A broad coalition of civil rights groups will hold a rally on January 19 at 12:00 to 2:30 p.m., at the Washington DC Convention Center to draw attention to the damage done to civil liberties protections in the wake of new anti-terrorism legislation.
The coalition, including the CAIR, ACLU, National Action Network, MPAC, Mexican American Legal Defense Fund, AMC, People for the American Way, AAI, Black Leadership Forum, Blacks in Government, and other organizations will rally to remind Americans of the spirit of Martin Luther King.
"The civil rights gains of the 60s and 70s took place in the context of immense social change and a foreign war," said Jason Erb, Director of Governmental Affairs. "Dr. King recognized that civil rights and national
security are not contradictory, but complimentary," said Erb.
CONTACT: Jason C. Erb, 202-488-8787, [email protected]
Rep. John Conyers, Jr, Ranking Member of the House Judiciary Committee, issued the following statement in response to reports that the Justice Department will focus on Middle Easterners who have not complied with
"We must have a rational law enforcement policy to ensure that people who are issued deportation orders actually leave the country. The fact that there are over 300,000 people in the United States who have ignored deportation orders is indicative of INS's lack of resources to enforce our immigration laws. However, it is un-American to single out individuals for more aggressive law enforcement scrutiny on the basis of race, sex or national origin without evidence of criminal behavior.
A policy that focuses on finding people based on their national origin is short sighted as it will fail to meet its desired result - to protect America from terrorism. The Justice Department should not be using racial
profiling; rather it should treat people in similar circumstances equally. This decision by the Justice Department is just one more in a long list of decisions that use race or ethnicity as a determinative factor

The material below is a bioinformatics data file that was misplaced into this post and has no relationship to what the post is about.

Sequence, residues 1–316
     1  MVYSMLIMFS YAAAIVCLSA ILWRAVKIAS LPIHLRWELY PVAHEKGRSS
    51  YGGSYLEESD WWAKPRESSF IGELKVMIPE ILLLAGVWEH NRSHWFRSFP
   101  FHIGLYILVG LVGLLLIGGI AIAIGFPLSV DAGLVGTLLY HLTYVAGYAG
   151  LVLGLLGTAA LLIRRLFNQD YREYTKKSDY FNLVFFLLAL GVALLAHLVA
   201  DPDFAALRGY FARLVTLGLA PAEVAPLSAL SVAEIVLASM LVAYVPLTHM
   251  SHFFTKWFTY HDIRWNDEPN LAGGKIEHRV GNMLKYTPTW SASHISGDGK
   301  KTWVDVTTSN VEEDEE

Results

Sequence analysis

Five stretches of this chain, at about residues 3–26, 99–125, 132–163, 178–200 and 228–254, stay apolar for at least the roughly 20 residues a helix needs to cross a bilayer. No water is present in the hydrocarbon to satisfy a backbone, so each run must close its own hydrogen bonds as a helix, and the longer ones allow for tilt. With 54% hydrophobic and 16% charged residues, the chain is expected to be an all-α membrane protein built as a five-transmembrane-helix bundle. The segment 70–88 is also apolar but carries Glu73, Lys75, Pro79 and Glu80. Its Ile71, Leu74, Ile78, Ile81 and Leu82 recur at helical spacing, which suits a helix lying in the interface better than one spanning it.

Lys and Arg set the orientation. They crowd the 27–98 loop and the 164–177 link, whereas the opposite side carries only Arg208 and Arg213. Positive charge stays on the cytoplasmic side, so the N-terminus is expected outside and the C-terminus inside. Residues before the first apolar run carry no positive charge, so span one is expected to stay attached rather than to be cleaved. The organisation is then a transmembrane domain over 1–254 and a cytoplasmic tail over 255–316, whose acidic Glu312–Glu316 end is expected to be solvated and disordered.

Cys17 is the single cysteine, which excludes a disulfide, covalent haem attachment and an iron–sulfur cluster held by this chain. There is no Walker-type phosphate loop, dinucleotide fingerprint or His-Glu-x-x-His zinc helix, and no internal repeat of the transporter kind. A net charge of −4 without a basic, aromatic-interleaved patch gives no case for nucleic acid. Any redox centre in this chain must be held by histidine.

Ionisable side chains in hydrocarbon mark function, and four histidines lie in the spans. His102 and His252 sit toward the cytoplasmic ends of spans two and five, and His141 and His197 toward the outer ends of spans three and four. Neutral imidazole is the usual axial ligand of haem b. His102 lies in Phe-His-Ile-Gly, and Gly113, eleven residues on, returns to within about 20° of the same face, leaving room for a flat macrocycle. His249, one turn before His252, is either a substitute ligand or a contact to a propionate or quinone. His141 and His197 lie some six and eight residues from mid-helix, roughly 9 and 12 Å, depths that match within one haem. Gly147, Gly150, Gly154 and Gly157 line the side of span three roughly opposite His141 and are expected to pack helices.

to guide law enforcement rather than focusing on specific evidence of criminal behavior."
Rabih Haddad, a leader of the Ann Arbor Muslim community, was arrested on Dec. 14 by the Immigration and Naturalization Service on charges of overstaying his tourist visa. Since then he has been detained and has been denied bond on two separate occasions, the latest reasons proferred by the court being risk of flight and danger to society.
Haddad has visited the U.S. off and on for more then a decade and in that time has founded the Global Relief Foundation, taught at a local Islamic school, served as assistant to the leader of Ann Arbor's mosque and applied for permanent residency.
While it is within INS jurisdiction to arrest or detain visitors for overstaying visas, the elements of secret evidence, racial profiling and inconsistency indicate justice is not being served in this case…
…While the government warns that terrorism will undermine democracy and freedom, it should take care to uphold the civil liberties that are fundamental to those values.
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